Aspartame May Make You Gain Weight, Study Says

It interferes with an intestinal enzyme that prevents obesity and diabetes.

Diet Coke

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If you think sugar-free is a synonym for healthy, think again.

A new study from Massachusetts General Hospital says aspartame—one of the most common artificial sweeteners, often used in diet soda—may not help you lose weight. In fact, it looks to do just the opposite.

When aspartame is digested, it produces a compound called phenylalanine. In prior research, phenylalanine has been shown to interfere with an enzyme called intestinal alkaline phosphate (IAP), which, when functioning properly, helps to prevent obesity, diabetes, and metabolic syndrome. Since aspartame breakdown produces phenylalanine, the Mass General researchers hypothesized it could very well contribute to weight gain when consumed frequently.

To test that theory, they divided mice into four groups: mice on a normal diet, mice on a normal diet plus aspartame-sweetened water, mice on a high-fat diet, and mice on a high-fat diet plus aspartame-sweetened water. After 18 weeks, the mice eating aspartame and a high-fat diet gained more weight than those drinking normal water. Both groups consuming aspartame had higher blood sugar and more markers of inflammation than the non-aspartame groups.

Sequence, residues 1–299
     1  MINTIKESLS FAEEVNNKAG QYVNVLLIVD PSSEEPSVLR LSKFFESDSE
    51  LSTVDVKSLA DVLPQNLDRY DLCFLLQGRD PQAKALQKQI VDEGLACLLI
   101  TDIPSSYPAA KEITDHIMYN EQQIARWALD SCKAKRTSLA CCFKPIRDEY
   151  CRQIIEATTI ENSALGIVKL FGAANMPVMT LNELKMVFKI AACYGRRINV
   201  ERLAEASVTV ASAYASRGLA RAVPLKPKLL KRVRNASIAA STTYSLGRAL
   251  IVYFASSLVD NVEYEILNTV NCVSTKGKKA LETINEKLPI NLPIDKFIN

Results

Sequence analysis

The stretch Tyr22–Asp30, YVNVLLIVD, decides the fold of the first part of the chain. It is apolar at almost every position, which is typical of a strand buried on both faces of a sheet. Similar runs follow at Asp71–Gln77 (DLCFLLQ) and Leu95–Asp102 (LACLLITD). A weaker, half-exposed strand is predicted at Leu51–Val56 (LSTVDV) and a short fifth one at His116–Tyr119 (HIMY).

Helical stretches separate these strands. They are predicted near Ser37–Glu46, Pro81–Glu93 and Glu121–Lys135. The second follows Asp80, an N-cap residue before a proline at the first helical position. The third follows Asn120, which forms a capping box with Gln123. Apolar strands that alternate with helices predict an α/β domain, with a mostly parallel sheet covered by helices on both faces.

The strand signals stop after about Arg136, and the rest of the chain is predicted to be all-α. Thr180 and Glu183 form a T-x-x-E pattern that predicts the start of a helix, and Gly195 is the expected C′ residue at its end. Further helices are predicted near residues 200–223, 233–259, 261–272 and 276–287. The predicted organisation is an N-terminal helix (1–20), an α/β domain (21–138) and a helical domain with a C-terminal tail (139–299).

“Sugar substitutes like aspartame are designed to promote weight loss and decrease the incidence of metabolic syndrome, but a number of clinical and epidemiologic studies have suggested that these products don’t work very well and may actually make things worse,” Richard Hodin, the study’s senior author, said in a statement. “We think that aspartame might not work because, even as it is substituting for sugar, it blocks the beneficial aspects of IAP.”

Past research has also shown that aspartame and other artificial sweeteners may actually make dieters hungrier, ultimately leading them to overeat. And while the FDA maintains that aspartame is safe, speculation about artificial sweeteners causing cancer continues to swirl.

Pay attention, diet soda fiends. Your afternoon pick-me-up may be calorie-free, but that doesn’t necessarily mean it’s without consequences.